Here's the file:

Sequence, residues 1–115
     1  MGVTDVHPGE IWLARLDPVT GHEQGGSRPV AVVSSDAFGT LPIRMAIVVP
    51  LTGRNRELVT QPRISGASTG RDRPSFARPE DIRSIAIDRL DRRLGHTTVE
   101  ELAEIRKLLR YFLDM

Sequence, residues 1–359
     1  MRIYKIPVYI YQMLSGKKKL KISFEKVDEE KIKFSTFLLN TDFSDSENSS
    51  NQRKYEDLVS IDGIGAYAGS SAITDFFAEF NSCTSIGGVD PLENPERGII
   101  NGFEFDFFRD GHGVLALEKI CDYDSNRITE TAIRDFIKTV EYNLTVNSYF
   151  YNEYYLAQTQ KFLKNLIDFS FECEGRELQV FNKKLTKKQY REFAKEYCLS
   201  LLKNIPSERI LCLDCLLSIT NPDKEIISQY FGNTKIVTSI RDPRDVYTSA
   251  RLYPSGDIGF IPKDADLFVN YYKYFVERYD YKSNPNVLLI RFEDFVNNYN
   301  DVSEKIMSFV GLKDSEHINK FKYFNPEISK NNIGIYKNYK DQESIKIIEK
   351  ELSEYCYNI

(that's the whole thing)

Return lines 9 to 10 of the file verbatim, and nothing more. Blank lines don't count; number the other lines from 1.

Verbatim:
   151  YNEYYLAQTQ KFLKNLIDFS FECEGRELQV FNKKLTKKQY REFAKEYCLS
   201  LLKNIPSERI LCLDCLLSIT NPDKEIISQY FGNTKIVTSI RDPRDVYTSA